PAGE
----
Obviously, all of this requires a certain audacity. It requires you lose any mindset that you must "stay away" and avoid an opponent's weapon instead of closing in against it to stifle it and bind on it. It requires that you don't defend by just putting your weapon out to let it be hit on. Instead, it demands you strike, not at their opposing weapon, but directly at the other person, and do so regardless of their weapon coming at you. Gaining the confidence in your ability to control your weapon to not injure your partner in classroom practice, but to also make firm placement of blows in free play, is a big part of learning how to strike well. Similarly, in learning to counter-strike, overcoming the instinct to flinch or block or run away is difficult for some practitioners. But in time all the elements fit together logically.

As Master Joachim Meyer once expressed about learning the strikes, "the cuts begin to arrange themselves according to everyone's character, nature, strength, and ability, since the weak must seek a different advantage in the cuts than the strong, and vice versa." The meaning being that, as you learn you should develop your own way of optimally doing things. But, Meyer also stated that fighting actions "are not so set in stone that they cannot be changed in practice-they are merely examples from which everyone may seek, derive, and learn devices according to his opportunity, and may arrange and change them as suits him. For as we are not all of a single nature, so we also cannot all have a single style in combat: yet all must nonetheless arise and be derived from a single basis."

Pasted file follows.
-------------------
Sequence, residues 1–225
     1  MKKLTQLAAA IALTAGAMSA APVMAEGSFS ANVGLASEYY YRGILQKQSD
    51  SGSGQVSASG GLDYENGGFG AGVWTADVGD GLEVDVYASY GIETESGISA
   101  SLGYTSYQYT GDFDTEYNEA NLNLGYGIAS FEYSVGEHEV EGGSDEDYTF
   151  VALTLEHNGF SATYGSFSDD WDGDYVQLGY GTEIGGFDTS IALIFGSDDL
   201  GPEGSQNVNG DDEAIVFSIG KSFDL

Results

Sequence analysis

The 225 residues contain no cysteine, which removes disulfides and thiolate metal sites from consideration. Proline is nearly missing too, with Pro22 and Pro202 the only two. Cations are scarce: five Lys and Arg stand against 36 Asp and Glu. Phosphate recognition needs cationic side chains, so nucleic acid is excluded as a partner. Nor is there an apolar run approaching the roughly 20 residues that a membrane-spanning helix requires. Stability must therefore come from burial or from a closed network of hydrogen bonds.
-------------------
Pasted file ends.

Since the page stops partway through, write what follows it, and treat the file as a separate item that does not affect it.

Wow. What a profound lesson that is for any martial artist. And yet how few seem to take it to heart. The problem is, when you have disagreements about what exactly that "single basis" is, and how to practice it, let alone how to implement it, you start to lose common ground. But, the nature of the strikes remains and there is no denying Liechtenauer's formation of them. There are objectively only so many angles by which to hit in so many ways, and they must be learned.